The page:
Cervical Spondylosis

Cervical Spondylosis

Cervical Spondylosis

One of the common issues people face as they age is cervical spondylosis. Approximately 90% of people will have the condition. Cervical spondylosis tends to develop somewhere in your 30s and usually manifests in your 60s. There is no need to worry because it is manageable.

You may notice more neck pain, which may be a sign of cervical spondylosis. It is possible for some people not to be aware that they have it. However, it is important to know what to look out for. 

What is Cervical Spondylosis? 

Cervical osteoarthritis, or cervical spondylosis, is a condition that occurs when bones, discs, and joints in the neck change. It usually develops in older adults, especially those over the age of 60. Bones and cartilage experience natural wear and tear as you age. The discs will shrink, and the deterioration can lead to abnormal growths that narrow the interior of the spinal column. 

The edges of the bones will form bone spurs, which are bony projections. Fortunately, cervical spondylosis does not progress in most cases. There is treatment available for severe conditions. A physical exam can determine if a patient has cervical spondylosis. 


Most people will not experience any symptoms and are able to go about their normal day. If they develop, then you can easily manage them. Symptoms are often worse in the mornings and evenings, but they will likely improve after a nice rest. Some of the symptoms to look out for include: 

  • Stiffness or pain in the neck 
  • Unable to bend the neck 
  • Shoulder or arm pain 
  • Grinding sensation when turning the neck 

In some cases, the space that nerve roots need as they pass through the spine will narrow. The spinal cord will become pinched, and you may feel weakness in the arms and hands as a result. Difficulty walking is another sign of cervical spondylosis. 

What Causes Cervical Spondylosis?

The bones and discs in your neck will face wear and tear damage as you age. The damage can lead to problems, which may cause cervical spondylosis. Strenuous activities, like heavy lifting, may lead to the condition since it puts pressure on the neck. Repetitive neck motions also have been known to wear down bones and discs. Other possible causes are:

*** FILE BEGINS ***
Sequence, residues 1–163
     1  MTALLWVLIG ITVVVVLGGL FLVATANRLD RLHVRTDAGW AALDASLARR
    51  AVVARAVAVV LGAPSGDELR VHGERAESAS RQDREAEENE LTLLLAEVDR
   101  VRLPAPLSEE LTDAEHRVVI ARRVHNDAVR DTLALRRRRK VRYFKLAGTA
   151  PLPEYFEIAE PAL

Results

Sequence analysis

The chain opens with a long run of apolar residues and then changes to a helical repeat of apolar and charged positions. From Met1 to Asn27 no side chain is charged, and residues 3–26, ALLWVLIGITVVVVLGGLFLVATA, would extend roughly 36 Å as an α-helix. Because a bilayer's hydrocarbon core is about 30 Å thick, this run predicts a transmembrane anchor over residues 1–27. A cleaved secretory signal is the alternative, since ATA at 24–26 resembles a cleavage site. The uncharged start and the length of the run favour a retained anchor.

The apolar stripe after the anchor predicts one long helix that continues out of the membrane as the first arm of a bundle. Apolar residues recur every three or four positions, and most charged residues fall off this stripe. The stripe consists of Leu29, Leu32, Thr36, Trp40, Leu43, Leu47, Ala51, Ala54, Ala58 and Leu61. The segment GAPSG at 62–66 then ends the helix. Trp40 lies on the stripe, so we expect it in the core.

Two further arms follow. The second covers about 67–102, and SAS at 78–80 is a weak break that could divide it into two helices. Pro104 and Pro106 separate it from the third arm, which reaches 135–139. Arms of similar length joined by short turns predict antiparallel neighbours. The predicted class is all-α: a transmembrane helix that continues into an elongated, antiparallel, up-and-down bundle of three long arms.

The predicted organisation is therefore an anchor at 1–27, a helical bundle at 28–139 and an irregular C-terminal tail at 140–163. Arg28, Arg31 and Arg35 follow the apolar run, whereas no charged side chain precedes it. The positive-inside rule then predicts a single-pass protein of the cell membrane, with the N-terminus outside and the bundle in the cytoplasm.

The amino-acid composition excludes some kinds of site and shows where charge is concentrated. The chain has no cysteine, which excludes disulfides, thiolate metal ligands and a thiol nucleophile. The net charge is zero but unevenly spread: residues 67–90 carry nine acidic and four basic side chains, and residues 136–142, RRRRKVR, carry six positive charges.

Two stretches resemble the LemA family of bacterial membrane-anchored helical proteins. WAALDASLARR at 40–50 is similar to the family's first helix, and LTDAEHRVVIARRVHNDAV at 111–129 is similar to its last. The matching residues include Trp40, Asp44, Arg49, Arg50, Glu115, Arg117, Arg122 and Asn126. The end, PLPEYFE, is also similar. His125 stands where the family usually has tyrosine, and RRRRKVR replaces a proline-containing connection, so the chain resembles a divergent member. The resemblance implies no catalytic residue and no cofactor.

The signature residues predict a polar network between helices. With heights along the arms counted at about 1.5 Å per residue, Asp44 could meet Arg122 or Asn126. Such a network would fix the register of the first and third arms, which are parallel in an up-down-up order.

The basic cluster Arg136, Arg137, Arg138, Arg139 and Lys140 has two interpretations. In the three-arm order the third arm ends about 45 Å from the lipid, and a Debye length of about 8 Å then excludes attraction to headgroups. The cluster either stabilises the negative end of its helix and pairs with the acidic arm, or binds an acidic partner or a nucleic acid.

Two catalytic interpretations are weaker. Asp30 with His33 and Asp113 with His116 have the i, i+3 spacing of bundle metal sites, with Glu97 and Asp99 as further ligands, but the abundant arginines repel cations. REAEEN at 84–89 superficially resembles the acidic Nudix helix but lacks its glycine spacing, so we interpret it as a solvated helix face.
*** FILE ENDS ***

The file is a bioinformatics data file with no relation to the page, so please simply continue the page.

• Dehydrated spinal discs. The discs in your neck act as cushions in between the vertebrae or bones. Their job is to absorb the shock that comes from doing physical activities. Discs contain a gel-like material, which can dry out by the age of 40. As a result, your bones will begin to rub against each other. 
  • Injury. Injuries to the neck can lead to cervical spondylosis developing faster. They might tear or crack the discs, which will cause pain from bone-to-bone contact. A fall or a car accident may lead to this condition. 
  • A herniated disc. Also known as a slipped disc, a herniated disc is when the disc presses down on the spinal nerves. A crack may occur, and the internal cushion material may leak out onto the spinal cord. You will feel numbness and pain in your arms. 
  • Stiff ligaments. Ligaments are the cords that connect the bones to each other. Over the years, these cords will stiff and make the body less flexible. The neck becomes harder to move and will feel tight. Neck pain can occur as a result of stiff ligaments. 

Cervical spondylosis is a natural part of life and is treatable. North Lakes Pain can work with you to find the best way to manage any neck pain you may have. There are a variety of options, so contact us today to get started.